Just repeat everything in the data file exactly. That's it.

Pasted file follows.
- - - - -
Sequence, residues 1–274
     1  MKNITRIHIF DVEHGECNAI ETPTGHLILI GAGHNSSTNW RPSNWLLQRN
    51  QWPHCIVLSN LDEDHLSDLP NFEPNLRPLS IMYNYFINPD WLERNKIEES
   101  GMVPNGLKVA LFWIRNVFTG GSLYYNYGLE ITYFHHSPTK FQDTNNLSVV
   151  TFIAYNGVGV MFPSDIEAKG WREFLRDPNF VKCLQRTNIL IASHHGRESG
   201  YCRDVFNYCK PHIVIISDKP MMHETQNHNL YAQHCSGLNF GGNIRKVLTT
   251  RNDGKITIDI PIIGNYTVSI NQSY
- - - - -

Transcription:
Sequence, residues 1–274
     1  MKNITRIHIF DVEHGECNAI ETPTGHLILI GAGHNSSTNW RPSNWLLQRN
    51  QWPHCIVLSN LDEDHLSDLP NFEPNLRPLS IMYNYFINPD WLERNKIEES
   101  GMVPNGLKVA LFWIRNVFTG GSLYYNYGLE ITYFHHSPTK FQDTNNLSVV
   151  TFIAYNGVGV MFPSDIEAKG WREFLRDPNF VKCLQRTNIL IASHHGRESG
   201  YCRDVFNYCK PHIVIISDKP MMHETQNHNL YAQHCSGLNF GGNIRKVLTT
   251  RNDGKITIDI PIIGNYTVSI NQSY